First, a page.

At work, stressful daily events like a nasty email, an impending deadline, the loss of a big sale, being reprimanded by your boss, and so on negatively affect employees’ moods. Also, the effects of stress build over time.
5) Social Activities: Social activities can increase positive moods and have little effect on the negative moods of most people. But do people in positive moods seek out social interactions, or do social interactions cause people to be in good moods? It seems that both are true. And, does the type of social activity matter?
Indeed, it does. Research suggests that physical (skiing or hiking with friends), informal (going to a party), or Epicurean (eating with others) activities are more strongly associated with an increase in positive mood than formal (attending a meeting) or sedentary (watching TV with friends) events.
6) Exercise: We often hear that people should exercise to improve their mood. But does “sweat therapy” really work? It appears so. Research consistently shows that exercise enhances people’s positive moods.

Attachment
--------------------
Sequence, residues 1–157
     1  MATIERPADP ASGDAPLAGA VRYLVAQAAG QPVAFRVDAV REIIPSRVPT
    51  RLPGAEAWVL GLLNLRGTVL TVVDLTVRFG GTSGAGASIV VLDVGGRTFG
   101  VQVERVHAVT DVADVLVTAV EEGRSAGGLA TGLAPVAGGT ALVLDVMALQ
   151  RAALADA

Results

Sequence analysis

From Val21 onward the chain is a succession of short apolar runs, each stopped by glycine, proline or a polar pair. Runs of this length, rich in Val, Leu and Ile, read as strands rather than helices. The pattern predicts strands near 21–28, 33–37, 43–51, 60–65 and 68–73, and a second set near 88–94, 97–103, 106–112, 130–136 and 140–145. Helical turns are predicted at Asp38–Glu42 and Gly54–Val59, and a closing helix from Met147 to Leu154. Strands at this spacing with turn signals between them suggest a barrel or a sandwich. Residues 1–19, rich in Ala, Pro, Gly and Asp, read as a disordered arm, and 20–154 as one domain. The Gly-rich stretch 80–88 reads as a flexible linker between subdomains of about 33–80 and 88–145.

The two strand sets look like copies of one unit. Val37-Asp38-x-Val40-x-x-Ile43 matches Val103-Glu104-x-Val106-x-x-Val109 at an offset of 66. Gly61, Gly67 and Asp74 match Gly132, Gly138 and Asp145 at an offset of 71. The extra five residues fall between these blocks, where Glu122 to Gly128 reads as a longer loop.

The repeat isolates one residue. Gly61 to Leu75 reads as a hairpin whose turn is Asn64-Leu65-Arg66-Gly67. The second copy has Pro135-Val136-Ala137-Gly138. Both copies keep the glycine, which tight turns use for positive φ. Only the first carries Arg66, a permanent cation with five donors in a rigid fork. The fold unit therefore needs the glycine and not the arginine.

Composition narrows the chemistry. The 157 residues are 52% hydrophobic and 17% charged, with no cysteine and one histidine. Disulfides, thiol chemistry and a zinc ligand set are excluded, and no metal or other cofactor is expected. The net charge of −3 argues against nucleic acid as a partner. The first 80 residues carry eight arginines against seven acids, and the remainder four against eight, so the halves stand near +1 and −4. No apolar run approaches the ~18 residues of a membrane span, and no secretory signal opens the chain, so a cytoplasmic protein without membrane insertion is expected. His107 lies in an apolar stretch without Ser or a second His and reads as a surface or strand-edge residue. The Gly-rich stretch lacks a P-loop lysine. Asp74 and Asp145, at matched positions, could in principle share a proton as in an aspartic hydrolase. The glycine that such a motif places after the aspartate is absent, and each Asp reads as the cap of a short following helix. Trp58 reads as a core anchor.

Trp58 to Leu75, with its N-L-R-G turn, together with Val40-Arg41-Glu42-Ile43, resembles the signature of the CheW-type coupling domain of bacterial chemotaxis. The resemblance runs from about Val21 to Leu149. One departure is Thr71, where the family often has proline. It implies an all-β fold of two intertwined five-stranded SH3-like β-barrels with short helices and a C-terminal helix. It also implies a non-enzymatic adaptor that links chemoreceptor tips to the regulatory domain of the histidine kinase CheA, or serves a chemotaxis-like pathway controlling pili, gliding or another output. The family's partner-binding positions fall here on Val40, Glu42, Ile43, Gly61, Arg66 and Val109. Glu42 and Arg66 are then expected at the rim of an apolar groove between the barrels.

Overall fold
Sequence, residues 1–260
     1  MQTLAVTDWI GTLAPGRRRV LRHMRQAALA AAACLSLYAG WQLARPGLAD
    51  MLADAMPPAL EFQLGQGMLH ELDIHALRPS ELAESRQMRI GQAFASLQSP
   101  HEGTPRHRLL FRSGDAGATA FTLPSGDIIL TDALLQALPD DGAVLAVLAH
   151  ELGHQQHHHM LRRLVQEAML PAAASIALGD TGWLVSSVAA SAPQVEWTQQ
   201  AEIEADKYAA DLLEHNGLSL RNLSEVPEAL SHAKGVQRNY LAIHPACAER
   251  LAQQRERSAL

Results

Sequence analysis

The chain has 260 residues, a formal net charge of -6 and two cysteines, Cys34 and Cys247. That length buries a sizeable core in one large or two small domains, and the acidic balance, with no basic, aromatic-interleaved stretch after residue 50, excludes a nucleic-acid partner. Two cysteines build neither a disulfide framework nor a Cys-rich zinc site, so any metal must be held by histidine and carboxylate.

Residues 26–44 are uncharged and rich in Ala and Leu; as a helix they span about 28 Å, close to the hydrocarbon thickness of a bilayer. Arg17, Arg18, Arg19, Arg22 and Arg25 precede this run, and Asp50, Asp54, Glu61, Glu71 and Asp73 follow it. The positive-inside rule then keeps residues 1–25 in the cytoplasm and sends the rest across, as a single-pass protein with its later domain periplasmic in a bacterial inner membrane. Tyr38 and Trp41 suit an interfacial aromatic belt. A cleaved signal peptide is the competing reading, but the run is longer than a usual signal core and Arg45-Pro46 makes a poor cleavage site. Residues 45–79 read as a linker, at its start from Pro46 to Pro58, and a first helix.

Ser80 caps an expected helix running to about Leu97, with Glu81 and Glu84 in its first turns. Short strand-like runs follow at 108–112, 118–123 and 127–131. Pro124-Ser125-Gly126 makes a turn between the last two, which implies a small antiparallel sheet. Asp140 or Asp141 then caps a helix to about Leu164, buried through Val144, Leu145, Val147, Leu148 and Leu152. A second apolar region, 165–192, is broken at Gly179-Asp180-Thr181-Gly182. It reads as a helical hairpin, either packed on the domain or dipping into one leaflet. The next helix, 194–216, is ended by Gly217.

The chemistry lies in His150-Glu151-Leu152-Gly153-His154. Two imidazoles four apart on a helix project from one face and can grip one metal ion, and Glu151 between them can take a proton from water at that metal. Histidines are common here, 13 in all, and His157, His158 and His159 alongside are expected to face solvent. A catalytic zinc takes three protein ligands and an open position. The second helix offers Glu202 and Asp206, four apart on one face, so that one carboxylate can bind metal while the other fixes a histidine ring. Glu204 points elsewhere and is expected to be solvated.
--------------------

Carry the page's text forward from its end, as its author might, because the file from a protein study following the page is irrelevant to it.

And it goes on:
It appears that the therapeutic effects of exercise are strongest for those who are depressed. Although the effects of exercise on moods are consistent, they are not strong. So, exercise may help put you in a better mood, but do not expect miracles.
7) Age: One study of people aged 18-94 years revealed negative emotions seem to occur less as people get older. Periods of highly positive moods lasted longer for older individuals and bad moods faded more quickly. The study implies that emotional experience tends to improve with age, as we get older, we experience fewer negative emotions,